By Don Ruhl
Let us Christians be persuaded of God that He created us and that we have certain obligations to Him.
Creation ex nihilo
God made the things we see out of things we cannot see (Heb 11.3). That is “creation ex nihilo,” Latin for “creation out of nothing,” truly the miracle of all miracles. That rules out evolution and theistic evolution, because although God could have used evolution, He did not. God did not need an ingredients or parts list.
Psalm 33 teaches creation ex nihilo by divine fiat, “By the word of the LORD the heavens were made, and all the host of them by the breath of His mouth…For He spoke, and it was done; He commanded, and it stood fast” (Psa 33.6–9).
Genesis 1 and 2 shows precisely what God did. God spoke and things were. Genesis 1.3 in a short and simple sentence, reveals unimaginable power, “Then God said, ‘Let there be light’; and there was light (Gen 1.3) Genesis 1.9 makes another powerful declaration of the omnipotence of God, “Then God said, ‘Let the waters under the heavens be gathered together into one place, and let the dry land appear’; and it was so” (Gen 1.9).
Acknowledging God’s Creatorship (Rev 4.8–11)
When the four living creatures in heaven declare the holiness of God, the twenty-four elders fall down before the throne of God, casting their crowns before Him, and worship, saying, “You are worthy, O Lord, to receive glory and honor and power; for You created all things, and by Your will they exist and were created” (Rev 4.11).
Acknowledging God’s creatorship helps us to understand His power. He created all things out of nothing by the mere command of His word!
So, can He work in my life? Yes, but things do not always happen as I wish. That does not mean He does not work in my life. It means He who knows how to create, knows how to run my life. So then, God allows things to be as they are for some purpose.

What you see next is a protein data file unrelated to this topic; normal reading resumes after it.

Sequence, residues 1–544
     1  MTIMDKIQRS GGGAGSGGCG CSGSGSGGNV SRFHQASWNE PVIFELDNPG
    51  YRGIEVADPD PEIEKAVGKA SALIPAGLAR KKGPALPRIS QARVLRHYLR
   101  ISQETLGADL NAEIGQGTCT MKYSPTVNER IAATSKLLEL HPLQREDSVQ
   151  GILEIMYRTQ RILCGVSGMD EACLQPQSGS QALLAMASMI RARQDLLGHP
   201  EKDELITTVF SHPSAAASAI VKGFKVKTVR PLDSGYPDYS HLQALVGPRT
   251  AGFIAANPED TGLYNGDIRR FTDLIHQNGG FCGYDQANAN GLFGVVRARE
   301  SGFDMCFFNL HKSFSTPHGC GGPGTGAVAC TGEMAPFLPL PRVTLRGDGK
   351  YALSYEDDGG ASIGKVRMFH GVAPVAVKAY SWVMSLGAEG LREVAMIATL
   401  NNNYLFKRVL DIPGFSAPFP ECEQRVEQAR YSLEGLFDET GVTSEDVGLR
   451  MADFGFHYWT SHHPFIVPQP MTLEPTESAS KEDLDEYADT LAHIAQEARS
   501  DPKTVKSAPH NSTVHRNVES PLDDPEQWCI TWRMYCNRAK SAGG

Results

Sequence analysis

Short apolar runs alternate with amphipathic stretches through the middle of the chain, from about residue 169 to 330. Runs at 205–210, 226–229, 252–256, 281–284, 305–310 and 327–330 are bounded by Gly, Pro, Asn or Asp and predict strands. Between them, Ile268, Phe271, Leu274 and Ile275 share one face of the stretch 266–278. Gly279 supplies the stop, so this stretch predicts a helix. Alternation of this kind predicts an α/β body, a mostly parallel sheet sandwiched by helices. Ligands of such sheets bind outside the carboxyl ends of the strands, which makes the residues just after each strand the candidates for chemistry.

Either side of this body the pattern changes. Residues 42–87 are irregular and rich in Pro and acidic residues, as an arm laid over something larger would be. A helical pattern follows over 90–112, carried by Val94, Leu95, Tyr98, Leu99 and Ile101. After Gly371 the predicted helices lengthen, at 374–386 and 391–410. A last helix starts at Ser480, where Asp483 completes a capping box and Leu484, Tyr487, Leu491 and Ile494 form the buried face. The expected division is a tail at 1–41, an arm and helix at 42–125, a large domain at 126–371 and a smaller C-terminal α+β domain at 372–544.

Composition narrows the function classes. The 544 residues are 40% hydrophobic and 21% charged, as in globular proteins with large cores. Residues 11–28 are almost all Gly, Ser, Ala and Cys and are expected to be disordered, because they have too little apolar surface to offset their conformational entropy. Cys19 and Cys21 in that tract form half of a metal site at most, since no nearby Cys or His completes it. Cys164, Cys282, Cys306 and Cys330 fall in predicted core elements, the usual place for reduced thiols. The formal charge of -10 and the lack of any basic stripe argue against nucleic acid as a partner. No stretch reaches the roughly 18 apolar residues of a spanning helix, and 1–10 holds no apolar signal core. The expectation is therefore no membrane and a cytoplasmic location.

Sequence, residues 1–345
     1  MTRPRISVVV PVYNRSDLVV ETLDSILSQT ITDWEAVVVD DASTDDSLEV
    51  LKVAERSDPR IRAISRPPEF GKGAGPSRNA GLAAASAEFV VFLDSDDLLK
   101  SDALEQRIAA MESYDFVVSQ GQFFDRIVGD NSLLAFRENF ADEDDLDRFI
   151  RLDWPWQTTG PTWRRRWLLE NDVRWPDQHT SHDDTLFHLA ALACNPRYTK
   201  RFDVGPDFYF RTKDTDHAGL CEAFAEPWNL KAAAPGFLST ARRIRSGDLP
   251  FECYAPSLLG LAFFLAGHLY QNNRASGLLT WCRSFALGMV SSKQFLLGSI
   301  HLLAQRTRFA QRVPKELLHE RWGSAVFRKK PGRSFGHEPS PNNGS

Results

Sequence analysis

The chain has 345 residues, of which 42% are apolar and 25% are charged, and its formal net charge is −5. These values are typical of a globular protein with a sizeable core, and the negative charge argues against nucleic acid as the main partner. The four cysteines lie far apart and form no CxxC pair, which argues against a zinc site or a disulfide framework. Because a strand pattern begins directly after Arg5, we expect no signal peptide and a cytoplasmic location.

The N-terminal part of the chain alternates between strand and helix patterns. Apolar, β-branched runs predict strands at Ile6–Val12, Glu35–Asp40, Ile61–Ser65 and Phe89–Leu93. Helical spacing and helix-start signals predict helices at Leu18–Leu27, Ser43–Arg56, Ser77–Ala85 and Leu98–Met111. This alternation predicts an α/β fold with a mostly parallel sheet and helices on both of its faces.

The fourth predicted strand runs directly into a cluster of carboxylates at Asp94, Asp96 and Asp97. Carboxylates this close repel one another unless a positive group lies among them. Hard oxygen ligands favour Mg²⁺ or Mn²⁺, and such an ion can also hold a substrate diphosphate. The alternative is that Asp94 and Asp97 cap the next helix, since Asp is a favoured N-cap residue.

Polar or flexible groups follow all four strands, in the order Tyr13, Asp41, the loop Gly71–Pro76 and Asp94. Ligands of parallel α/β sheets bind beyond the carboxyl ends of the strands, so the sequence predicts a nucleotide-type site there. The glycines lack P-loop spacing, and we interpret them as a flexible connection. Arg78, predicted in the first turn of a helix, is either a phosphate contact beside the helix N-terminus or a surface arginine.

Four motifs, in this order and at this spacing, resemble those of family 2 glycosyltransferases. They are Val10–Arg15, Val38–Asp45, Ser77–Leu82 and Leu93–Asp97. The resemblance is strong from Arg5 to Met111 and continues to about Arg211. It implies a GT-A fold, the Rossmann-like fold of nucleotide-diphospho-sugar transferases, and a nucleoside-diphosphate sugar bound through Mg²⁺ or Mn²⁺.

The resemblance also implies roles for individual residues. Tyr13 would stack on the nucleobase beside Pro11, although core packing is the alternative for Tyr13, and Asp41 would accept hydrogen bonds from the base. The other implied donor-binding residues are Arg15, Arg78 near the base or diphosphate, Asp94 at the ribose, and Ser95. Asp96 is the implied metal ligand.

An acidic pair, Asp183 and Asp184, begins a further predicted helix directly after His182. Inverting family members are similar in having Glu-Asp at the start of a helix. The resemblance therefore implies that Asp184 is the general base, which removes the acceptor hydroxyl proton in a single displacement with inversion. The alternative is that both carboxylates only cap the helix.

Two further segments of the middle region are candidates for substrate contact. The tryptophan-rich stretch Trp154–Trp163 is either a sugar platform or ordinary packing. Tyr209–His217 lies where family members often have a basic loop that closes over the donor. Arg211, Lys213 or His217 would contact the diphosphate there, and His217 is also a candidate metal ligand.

Isaiah 40.12–31 explains that God will give us strength when He knows to give it. He who measures the waters and the heavens, who calculates the dust, and weighs the mountains (v. 12), cannot learn anything from us (vv. 13, 14). The nations are just a drop in a bucket to Him (vv. 15–17). He sits above the earth (vv. 18–23), controlling nature (v. 24). Therefore, He is incomparable (vv. 25, 26). Why then say He cannot help us? (vv. 27, 28) Isaiah explained that God gives strength to those who need it (vv. 29–31), “He gives power to the weak, and to those who have no might He increases strength (v. 29).
Acknowledging God’s creatorship helps us understand His right to our obedience. Second Kings 5.9–14 shows that Naaman did not understand this initially. He had preconceived ideas on how God should work.
Do we think there is something wrong with a command of God? The problem is not the command, nor is it God. The problem is that we have not yet understood the Creatorship of God.
Acknowledging God’s creatorship helps us understand His right to our worship. God commanding us to worship Him is as healthy as parents teaching thanks to their children.
Psalm 29 starts out saying, “Give unto the LORD, O you mighty ones, give unto the LORD glory and strength. Give unto the LORD the glory due to His name; worship the LORD in the beauty of holiness” (Psa 29.1, 2).
Then the psalm shows that we should worship Him because:
- vv. 3, 4 His voice controls the waters
- vv. 5–7 His voice splits cedars and fire
- vv. 8, 9 His voice shakes creation
- vv. 10, 11 As King He strengthens and blesses
Who then thinks we should not worship Him?
Do you know God and know who He is? If you answer yes, you know that He is your everything. If you answer no, consider creation and consider the Scriptures. As it is written in Psalm 46, be still and know that He is God.
Be still, and know that I am God;
I will be exalted among the nations,
I will be exalted in the earth!
Will He be exalted in your heart? Will He be exalted in your life? He wants you to join Him in heaven after you die and you can do that by becoming one of His children.